The best social media commentator: Scott Adams (twitter).

By the way, my son-in-law and I agreed that of the three (Bernie, Hillary and Trump), Bernie was the most dangerous (had he been elected). Two hours after noting that, I realized I was wrong. Counter-intuitive, and my son-in-law (nor my wife) would agree with my reasoning.

Okay, not I'm going biking.

Notes to the Granddaughters

One book today: The Most Dangerous Book: The Battle for James Joyce's Ulysses, Kevin Birmingham, c. 2014

First "home" after leaving Ireland with Nora: Pula, a small outpost on the Istrian peninsula.

Trieste, Italy: much like Dublin when Nora and James moved there. Trieste's predominantly Italian population had been under Austrian rule for hundreds of years, long after the unification of Italy in 1861. Trieste Italians demanded to be part of the new Italian state.

Back in 1801, a new law from London simply dissolved the Irish assembly to create the United Kingdom of Great Britain and Ireland. From then on, a continued fight between Irish and the English.

From page 54:
Ulysses began as a whim. It was originally an idea for a short story to tag along in Dubliners. Alfred H. Hunter -- the lonely, benevolent Jew in Dublin who had lifted Joyce from the dirt in St Stephen's Green -- was a hero of the Trojan War, the protagonist of Homer's greatest epic, the king of Ithaca, Ulysses. The Hunter-as-Ulysses equation was well suited for a short story but the concept had undergone some unforeseeable growth in Joyce's mind. In 1914, he began gathering ideas. Joyce mapped the events of hte ancient tale of the Odyssey unto Dublin: a funeral in Glasnevin cemetery was a descent into Hades. His friend Byrne's little flat on Eccles Street was Ulysses' palace in Ithaca, and the barmaids at the Ormond Hotel were the Sirens. He had a name for his Ulysses: Leopold Bloom. Stephen Dedalus was Telemachus, Ulysses' son. Stephen was a son whose father lost, and Bloom was a father finding his way back to his son. His wife Molly, was Penelope patiently waiting for her husband's return from the Trojan War.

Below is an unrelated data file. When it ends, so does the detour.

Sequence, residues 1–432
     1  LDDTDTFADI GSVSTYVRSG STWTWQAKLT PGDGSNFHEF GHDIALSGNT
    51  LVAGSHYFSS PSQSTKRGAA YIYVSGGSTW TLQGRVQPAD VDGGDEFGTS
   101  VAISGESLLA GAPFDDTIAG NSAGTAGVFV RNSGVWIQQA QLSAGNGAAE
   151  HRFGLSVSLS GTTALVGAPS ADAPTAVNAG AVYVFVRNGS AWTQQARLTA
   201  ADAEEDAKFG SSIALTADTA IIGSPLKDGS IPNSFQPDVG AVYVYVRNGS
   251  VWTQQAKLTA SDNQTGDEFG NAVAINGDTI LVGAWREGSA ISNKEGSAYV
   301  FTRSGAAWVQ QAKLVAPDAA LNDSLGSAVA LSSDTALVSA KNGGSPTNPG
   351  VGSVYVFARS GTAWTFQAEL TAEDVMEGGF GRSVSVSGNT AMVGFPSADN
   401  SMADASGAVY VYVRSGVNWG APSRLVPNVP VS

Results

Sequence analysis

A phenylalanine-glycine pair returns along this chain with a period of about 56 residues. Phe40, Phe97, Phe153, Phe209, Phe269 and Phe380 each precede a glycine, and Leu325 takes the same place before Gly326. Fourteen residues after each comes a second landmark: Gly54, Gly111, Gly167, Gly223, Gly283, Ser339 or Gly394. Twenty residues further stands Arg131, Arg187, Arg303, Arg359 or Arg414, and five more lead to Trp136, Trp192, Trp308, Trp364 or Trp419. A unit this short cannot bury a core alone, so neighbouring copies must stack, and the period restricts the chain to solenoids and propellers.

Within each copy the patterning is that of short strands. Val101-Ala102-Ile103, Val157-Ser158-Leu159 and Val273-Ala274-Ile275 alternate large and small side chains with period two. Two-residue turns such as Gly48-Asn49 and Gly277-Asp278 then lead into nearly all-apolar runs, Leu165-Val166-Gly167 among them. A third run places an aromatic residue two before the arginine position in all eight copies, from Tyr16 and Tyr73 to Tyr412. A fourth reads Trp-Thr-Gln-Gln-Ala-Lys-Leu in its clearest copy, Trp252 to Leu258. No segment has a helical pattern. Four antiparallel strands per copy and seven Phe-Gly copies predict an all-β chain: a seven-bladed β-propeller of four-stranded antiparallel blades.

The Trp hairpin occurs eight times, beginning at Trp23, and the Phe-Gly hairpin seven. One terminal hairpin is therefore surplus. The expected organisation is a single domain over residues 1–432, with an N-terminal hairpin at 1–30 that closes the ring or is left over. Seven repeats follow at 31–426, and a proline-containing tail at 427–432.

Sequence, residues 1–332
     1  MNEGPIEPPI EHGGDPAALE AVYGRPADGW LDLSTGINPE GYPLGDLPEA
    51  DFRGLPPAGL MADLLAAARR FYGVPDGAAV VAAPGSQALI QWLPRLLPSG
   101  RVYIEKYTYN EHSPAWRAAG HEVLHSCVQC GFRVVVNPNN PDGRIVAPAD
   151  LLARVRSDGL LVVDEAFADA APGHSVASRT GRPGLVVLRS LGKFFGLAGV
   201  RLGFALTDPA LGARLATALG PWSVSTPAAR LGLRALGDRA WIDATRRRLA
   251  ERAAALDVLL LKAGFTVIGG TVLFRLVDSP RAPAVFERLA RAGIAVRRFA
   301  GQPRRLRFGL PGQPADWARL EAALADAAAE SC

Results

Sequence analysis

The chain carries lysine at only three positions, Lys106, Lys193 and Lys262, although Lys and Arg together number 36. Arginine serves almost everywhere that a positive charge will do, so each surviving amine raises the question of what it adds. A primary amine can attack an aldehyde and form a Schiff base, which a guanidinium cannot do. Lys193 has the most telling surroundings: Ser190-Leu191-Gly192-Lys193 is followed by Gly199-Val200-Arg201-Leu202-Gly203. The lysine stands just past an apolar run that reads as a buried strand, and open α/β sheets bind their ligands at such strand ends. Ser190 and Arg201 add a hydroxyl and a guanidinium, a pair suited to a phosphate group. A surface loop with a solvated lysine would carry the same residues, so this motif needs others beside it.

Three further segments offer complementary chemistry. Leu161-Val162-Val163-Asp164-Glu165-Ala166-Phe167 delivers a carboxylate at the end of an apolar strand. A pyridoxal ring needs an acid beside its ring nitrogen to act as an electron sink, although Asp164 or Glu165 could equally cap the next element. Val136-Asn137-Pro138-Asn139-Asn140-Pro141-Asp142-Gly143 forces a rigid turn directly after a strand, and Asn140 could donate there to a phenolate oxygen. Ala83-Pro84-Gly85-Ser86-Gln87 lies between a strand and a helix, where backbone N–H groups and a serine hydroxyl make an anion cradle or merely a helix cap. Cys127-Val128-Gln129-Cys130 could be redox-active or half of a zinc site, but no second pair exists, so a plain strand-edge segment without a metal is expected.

From page 56:
Joyce wanted Stephen's thoughts to be clipped and prismatic. He wanted to strip thoughts and emotions down to their essentials (no stream of consciousness; the very opposite of Henry James). He wanted density, the bones of communication, the sharp utterance, the urgent telegram, the MOTHER DYING COME HOME FATHER (think Hemingway).

Chapter 5: Smithy of Souls -- 
the story of Miss Harriet Weaver -- 
this chapter worth the price of the book.

Ezra Pound, Harriet Weaver, and Dora Marsden were only marginal figures in a world preoccupied by war -- but a supportive coterie was enough to encourage Joyce to venture much further out ito this writing than he ever had before.

Chapter 6: Little Modernisms


Magazines (at that time) were modernism's blogosphere.